From guest emcees and guest performances to President Gearan’s Garage Band and standing ovations, the Centennial Gala marked a boisterous and often poignant celebration of 100 years of William Smith College. Dressed to the nines, members of the HWS community from all over the world – friends, faculty, students, staff, trustees and alums – gathered in the Robert A. Bristol ’31 Field House on November 8 for the party of the century.
“Tonight we celebrate our proud history, one forged in the cradle of the women’s rights movement and one marked by accomplishment and perseverance,” said President Mark D. Gearan. “As we anticipate the next century of Hobart and William Smith Colleges, tonight offers us a moment to thank and pay tribute to those who have bolstered these Colleges for 100 years, who continue to do so because they believe in the power of a Hobart and William Smith education.
“Tonight, we honor a founder who invested his life’s work into a bold venture – to educate women to be leaders.”
Throughout the evening’s program, the 100 year history of William Smith College was celebrated through heartfelt tributes and remembrances.
“Over the past three years I’ve met with hundreds of women, many of whom I had the pleasure of admitting to the Colleges,” said Mara O’Laughlin ’66, assistant vice president for the William Smith Centennial Fund, former director of admissions and the evening’s emcee. “Our goal for the project – to establish and endow the new Centennial Center for Leadership – was pegged at $8 million. Some wondered if we could do it. Well, I am thrilled to announce that as of just one week ago, we achieved that goal!”
The night was also a celebration of 100 years of coordinate education. In that spirit, O’Laughlin welcomed her surprise co-emcee to the stage, first showing a photo of him from his Romulus High School yearbook, where O’Laughlin taught him history. To thunderous applause, film and Broadway star Christopher McDonald ’77 took the stage.
The two recognized many leading women in the crowd, including Lib Eaton White ’33 and Alta Boyer ’36, the earliest William Smith alumnae in attendance; the Centennial Fund Committee; past and present William Smith deans; past and present Alumnae Association leaders, including President Kate MacKinnon ’77; the former directors of Alumnae Relations; the current Board of Trustees, including Vice Chair Maureen Collins Zupan ’72, P’09 and Chair David Deming ’75; fellowship and scholarship award winners, including Julia James ’04, Jane Erickson ’07 and Katie Bush ’06; recipients of the Elizabeth Blackwell Award; and the women of William Smith Congress, William Smith honors societies and Herons sports teams.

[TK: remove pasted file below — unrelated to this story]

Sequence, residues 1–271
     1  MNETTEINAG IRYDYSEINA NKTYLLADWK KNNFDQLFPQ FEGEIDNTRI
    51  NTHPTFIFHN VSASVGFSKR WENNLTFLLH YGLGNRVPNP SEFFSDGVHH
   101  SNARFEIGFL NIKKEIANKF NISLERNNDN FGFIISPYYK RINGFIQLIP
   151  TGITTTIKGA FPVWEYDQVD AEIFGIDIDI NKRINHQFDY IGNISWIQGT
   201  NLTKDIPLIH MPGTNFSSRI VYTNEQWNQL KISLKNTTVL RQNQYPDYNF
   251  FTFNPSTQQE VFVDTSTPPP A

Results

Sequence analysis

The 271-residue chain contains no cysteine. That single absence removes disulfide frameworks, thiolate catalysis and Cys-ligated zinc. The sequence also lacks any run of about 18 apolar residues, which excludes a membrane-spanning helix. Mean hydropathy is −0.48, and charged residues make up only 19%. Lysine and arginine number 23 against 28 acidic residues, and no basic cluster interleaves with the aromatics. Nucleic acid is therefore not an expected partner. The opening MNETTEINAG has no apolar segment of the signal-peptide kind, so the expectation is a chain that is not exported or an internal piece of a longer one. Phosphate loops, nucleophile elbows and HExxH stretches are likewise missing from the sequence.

The Centennial was also celebrated in song and dance. The night included a performance of the William Smith alma mater and a William Smith-versed cover of Salt and Peppa's ‘Whatta Man’ performed by 3 Miles Lost and the Hobartones; and a rhythm-packed dance performance by the Hip~NotiQ’s Step and Dance Team.
After dinner and dessert provided by Dining Services Catering Manager Pat Heieck P’88 and her staff, the entire Gala came to a roaring ovation as President Mark D. Gearan, keyboardist and front man for Gearan’s Garage Band, took the stage with a little help from his faculty and staff colleagues.
The headlining Garage Band was supported by internationally-known cover band Atlas, who played a set ranging from Motown and hip-hop to soft rock, providing the background for guests to dance the night away.
“The Gala was the perfect culmination of the Centennial Weekend’s events,” said Director of Alumnae Relations Kathy Killius Regan ’82. “There was no better way to celebrate the history of William Smith. Tonight’s Gala allowed us to look back on our founding, acknowledge our many accomplishments and turn our attention toward a future for William Smith College that will, no doubt, be stronger than ever.”